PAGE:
Joseph Schumpeter (1883–1950)


Joseph Schumpeter was born in Moravia (then a part of the Austro-Hungarian Empire, now in the Czech Republic). His father, a clothing manufacturer, was killed when Joseph was four years old. Several years later his mother married a senior Austrian general. Schumpeter was a gifted student, reading law and economics at the University of Vienna before taking a doctorate in law, which was awarded in 1906.

Schumpeter disapproved of Austrian involvement in the First World War, and soon became interested in the question of post-war economic reconstruction. In 1919, after his country’s defeat, his academic career was interrupted by a brief appointment as Minister of Finance in the Austrian government. From 1920 to 1924 he served as president of a regional bank—an appointment that ended in disaster for Schumpeter when the company collapsed. In 1925 Schumpeter moved to Germany, where he was a professor in the University of Bonn. He also gave lectures at Harvard University, and he moved there permanently when the Nazis took power in Germany.


Although he was a prolific writer on economics, Schumpeter’s most famous work, Capitalism, Socialism and Democracy (1942) had a wider relevance. Schumpeter agreed with Karl Marx in thinking that capitalism was doomed, but he did not believe that the fatal blow would be delivered by a proletarian uprising. Rather, he saw intellectuals as the main enemy of capitalism. The material success of capitalism would provoke a reaction against free-market values, so that entrepreneurial initiative would eventually be smothered by the action of (moderate) left-wing governments. Ironically, if capitalism was less successful as an economic system it would be more likely to survive. One of its by-products is better education and a higher rate of literacy, facilitating the spread of ideas that are hostile to free enterprise.

Schumpeter’s view of a socialist future is enigmatic. He shows some sympathy for socialist ideas, and concedes that collectivism could result in the satisfaction of genuine needs. On the other hand, he had a profound admiration for the entrepreneurial spirit. In Capitalism, Socialism and Democracy he popularized the term “creative destruction” to summarize the impact of entre-preneurs. By undermining longer established and complacent firms, entrepreneurs ensured economic progress.

Schumpeter also contributed to political discussion through his “democratic elitism” (for discussion, see pages 66–67, Chapter 3). From his (pessimistic) perspective, most democratic thinking was based on an over-optimistic view of the electorate. In reality, not many voters have the intelligence or motivation to understand political issues. As such, it is probably a good thing that they do not exercise much direct influence over the political process. Instead, this is dominated by parties that are led by competing elites. At election time, voters choose between rival groups of people who promise to govern in their interest. At best, then, democratic government was rule for, not by, the people. Some critics have argued that Schumpeter’s argument should not be counted as democratic at all, because it does not specify mechanisms for holding governments to account. However, it seems that Schumpeter was merely describing democracy as he saw it, rather than trying to justify other kinds of regime like monarchies (for discussion, see pages 69–70, Chapter 3).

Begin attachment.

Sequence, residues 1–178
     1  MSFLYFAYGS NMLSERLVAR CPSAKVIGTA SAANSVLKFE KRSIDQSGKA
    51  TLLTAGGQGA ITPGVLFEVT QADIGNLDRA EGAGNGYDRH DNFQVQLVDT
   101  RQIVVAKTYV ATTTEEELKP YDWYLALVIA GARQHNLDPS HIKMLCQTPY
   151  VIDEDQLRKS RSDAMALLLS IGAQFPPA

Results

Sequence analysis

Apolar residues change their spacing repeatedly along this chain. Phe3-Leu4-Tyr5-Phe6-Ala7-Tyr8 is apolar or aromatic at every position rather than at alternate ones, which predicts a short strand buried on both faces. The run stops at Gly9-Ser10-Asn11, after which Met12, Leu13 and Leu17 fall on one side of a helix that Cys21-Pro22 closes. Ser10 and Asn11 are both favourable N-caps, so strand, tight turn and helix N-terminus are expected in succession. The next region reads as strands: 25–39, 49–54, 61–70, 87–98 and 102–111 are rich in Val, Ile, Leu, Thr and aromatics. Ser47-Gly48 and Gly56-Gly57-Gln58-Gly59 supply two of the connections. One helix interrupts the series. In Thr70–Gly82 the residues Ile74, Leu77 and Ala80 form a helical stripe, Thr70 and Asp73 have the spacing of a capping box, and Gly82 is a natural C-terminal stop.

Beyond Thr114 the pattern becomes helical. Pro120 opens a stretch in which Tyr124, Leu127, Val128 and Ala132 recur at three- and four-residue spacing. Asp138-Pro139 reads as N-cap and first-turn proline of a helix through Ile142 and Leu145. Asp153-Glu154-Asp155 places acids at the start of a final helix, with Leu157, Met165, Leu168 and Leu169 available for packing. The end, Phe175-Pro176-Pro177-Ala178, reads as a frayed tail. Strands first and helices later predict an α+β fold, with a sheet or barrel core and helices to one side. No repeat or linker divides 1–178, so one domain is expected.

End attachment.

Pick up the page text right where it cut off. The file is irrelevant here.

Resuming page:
Schumpeter’s view of politics was clearly influenced by his own practical experiences, but also by his background in economics. In casting a vote, individuals are behaving like market actors, plumping for the “product” that seems to suit their interests but having little part in the development of the alternatives on offer. It can be argued that this view of democracy has become increasingly accurate since Schumpeter’s death. By the mid-1970s, states like the UK also seemed to offer verification of his predictions about the triumph of “socialism”—or, at least, of a capitalist system that was subjected to ever-increasing interference and regulation by the state. Despite the strong revival of free-market ideas since that time, Schumpeter’s prophecies could still come true; they certainly seem more plausible than Marx’s visions. However, Schumpeter himself remains a fairly obscure figure outside academia, compared to John Maynard Keynes who was an almost exact contemporary. One key difference between the two is that Keynes was a convinced liberal who retained his faith in freedom (even if his some of his critics saw fit to doubt his lifelong commitment). By contrast Schumpeter, with his first-hand experience of continental Europe between the Wars, strikes the reader as a much more cynical observer of human affairs.

Further Reading

E.G Carayannis and C. Ziemnowicz, C., Rediscovering Schumpeter, Palgrave Macmillan, 2007.

Thomas McCraw, Prophet of Innovation: Joseph Schumpeter and Creative Destruction, Belknap Press, 2007.

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